Valentine Food Ideas:
For Breakfast make heart-shaped pancakes or make heart-shaped toast with a cookie cutter. Spread fruit-sweetened red jam on your toast.
Fill heart-shaped ice cube trays with cranberry juice for special Valentine’s ice cubes.
Make heart-shaped pizzas for lunch or dinner.
For lunch make heart-shaped sandwiches, with a large heart shaped cookie cutter. Try filled sandwiches, or open-faced sandwiches with a layer of nut butter topped with fruit-sweetened jam
(Makes 1 serving)
1 ½ cups plain or vanilla soymilk or ricemilk
1/8 cup unsweetened cocoa or carob powder
2 – 3 Tbsp sweetener (try Sucanat or honey)
¼ tsp ground cinnamon
1/8 cup boiling water
1/8 teaspoon almond extract
1 Cinnamon stick
In a small saucepan, stir and heat the milk for 3 minutes over medium heat. Add hot water, heated milk, cocoa powder, fructose and cinnamon to blender. Blend on high until frothy. Stir in almond extract. Pour into mug and garnish with a cinnamon stick for stirring.
Add a cuddle and you have a complete way to warm up on a chilly Valentine’s!
2 cups cranberry juice
2 cups apple cider or juice
2-3 whole cinnamon sticks
Place all ingredients in a pot and simmer over low heat for about 20 minutes.
1 cup cantaloupe chunks
1 cup whole strawberries
1/2 cup soy milk
Place all ingredients in a food processor or blender. Process until frothy and serve immediately. For a complete breakfast treat, add one serving of protein powder.
Valentine Beet Soup
1 cup beets, peeled and sliced cooked beets
1/4 cup chopped mild onion
1 medium potato, cooked, peeled, and cubed
1 cup plain yogurt (soy yogurt will work fine)
2 tablespoons lemon juice
1 cup vegetable broth
1 cup cracked ice
1 tablespoon finely chopped fresh dill
1/2 cup peeled, seeded, and finely diced cucumber (optional)
Salt and black pepper to taste
Boil the beets until tender, then peel and cut into cubes
Peel the potato, boil until tender and cut into cubes
When beets and potatoes have cooled, combine the beets, potatoes, onions, lemon juice, vegetable broth, salt & pepper and yogurt in a blender. Blend on high until pureed. Add the cracked ice and blend for an additional minute. Add cucumber. Garnish with fresh dill and serve chilled.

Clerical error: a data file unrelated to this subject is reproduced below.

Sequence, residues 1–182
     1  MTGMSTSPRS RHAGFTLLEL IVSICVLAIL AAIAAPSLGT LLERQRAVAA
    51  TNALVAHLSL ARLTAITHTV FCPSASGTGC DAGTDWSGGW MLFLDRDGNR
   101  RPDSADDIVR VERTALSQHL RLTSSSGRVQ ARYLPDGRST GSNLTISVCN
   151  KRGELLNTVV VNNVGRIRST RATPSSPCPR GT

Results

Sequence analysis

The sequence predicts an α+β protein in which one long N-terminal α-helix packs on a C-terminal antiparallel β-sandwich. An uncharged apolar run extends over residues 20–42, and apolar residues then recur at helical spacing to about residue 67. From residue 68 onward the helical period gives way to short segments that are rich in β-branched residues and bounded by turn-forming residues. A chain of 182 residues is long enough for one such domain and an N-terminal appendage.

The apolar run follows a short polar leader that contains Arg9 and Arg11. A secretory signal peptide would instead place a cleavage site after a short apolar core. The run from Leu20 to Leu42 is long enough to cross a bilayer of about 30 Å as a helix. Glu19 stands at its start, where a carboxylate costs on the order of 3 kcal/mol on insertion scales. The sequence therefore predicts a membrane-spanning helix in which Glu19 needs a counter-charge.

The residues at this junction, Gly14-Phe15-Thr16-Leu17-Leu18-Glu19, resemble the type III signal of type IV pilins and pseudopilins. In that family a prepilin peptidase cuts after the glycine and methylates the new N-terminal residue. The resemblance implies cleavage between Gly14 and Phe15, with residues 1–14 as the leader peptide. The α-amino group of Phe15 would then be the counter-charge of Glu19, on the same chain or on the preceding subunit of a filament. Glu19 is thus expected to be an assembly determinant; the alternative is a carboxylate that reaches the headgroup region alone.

Toasted pumpkin or sunflower seeds
1 tsp prepared mustard
2 cloves garlic, minced
¼ cup red wine vinegar
2 Tbsp lemon juice
1 Tbsp olive oil
2 Tablespoons tomato juice or V8 juice
1/2 teaspoon tamari
1/4 teaspoon black pepper
Whisk (or shake in a small jar) all dressing ingredients together.
Place mixed greens on salad plate, sprinkle with dried cranberries and toasted pumpkin or sunflower seeds. Drizzle dressing over salad.
Cold-pressed, organic safflower oil
1 garlic clove, minced
2 Tbsp tomato paste
1 cup zucchini, chopped
1 cup carrots, chopped
1 cup tomato, seeded and chopped
½ cup red bell pepper, chopped
¼ cup red onion, chopped
¾ cup fresh mushrooms, sliced
2 Tbsp fresh parsley, chopped
1 - 2 Tbsp fresh basil
1 – 2 Tbsp fresh thyme
½ tsp dried rosemary
Heat the oil in a large frying pan, add garlic and sauté for 1 minute. Stir in tomato paste, zucchini, eggplant, tomatoes, pepper, onions, and mushrooms. Cover and cook until vegetables are tender. Add parsley, basil, thyme and rosemary and cook for an additional min.
Tofu Cream Topping
Serve over your favourite dessert or fresh fruit
1 pkg. tofu, extra firm silken-style
¼ cup raspberry juice
2 Tbsp sweetener (cane or date sugar)
1 Tbsp cold-pressed, organic safflower oil
In a food processor or blender, combine all of the ingredients and puree for several minutes until smooth and creamy. Chill in refrigerator.
Love you Berry Much Sauce
Warm topping for fruit, sorbet, or frozen desserts. Great on top of poached pears!
1 ½ cups frozen raspberries or strawberries
¼ cup orange juice
1 cup fresh or frozen blueberries
Combine raspberries and orange juice in a small saucepan. Make a raspberry reduction by simmering until raspberries cook down and become thick. Add blueberries and cook for an additional 2 minutes. Serve warm.
Nuts for You Sauce
½ cup cashews
½ cup water
1 Tbsp maple syrup
1 tsp vanilla
Blend all ingredients together until smooth. Pour over fruit salad or strawberries.
1 pkg soft tofu
1 cup sweetener (date or cane sugar)
1 pkg of frozen strawberries
Defrost the Strawberries and mix with the sweetener. Cream the tofu then add to the strawberries. Place into an ice cream machine and blend until frozen. Spoon into dessert glasses or long-stemmed wine glasses. Drizzle with I Love You Berry Much Sauce or I’m Nuts for You Sauce then top with a fresh strawberry or cherry.
¼ cup unsweetened cocoa or carob powder
¼ cup soymilk powder
½ cup honey, maple syrup or rice syrup
1 cup organic nut butter (peanut, cashew, almond, etc.)
Mix cocoa and milk powder into honey, then stir in nut butter . Mix well and form into small balls. Roll in coconut, ground nuts, or cocoa powder. Chill to set.
How to Make A Heart Shaped Cake without a heart-shaped cake pan.
Use your favorite double cake recipe. Pour ½ the batter in one 8 or 9 inch square cake pan, and the other ½ into the same size round cake pan. When the cakes are baked and cooled, slice the round cake in half. Create a heart by placing the round halves on each side of the square cake, as diagram shows.
Ice your cake with your favorite frosting, or follow the recipe below for a delicious chocolate icing. Use raspberries or strawberries to decorate the cake.
¾ cup dairy-free chocolate or carob pieces
12 ounces extra firm silken tofu
½ cup maple syrup
1 Tbsp. fructose
Melt chocolate, then blend all ingredients together with a hand mixer or food processor until smooth. Refrigerate for a couple of hours, then spread on cooled cake and refrigerate cake to set icing.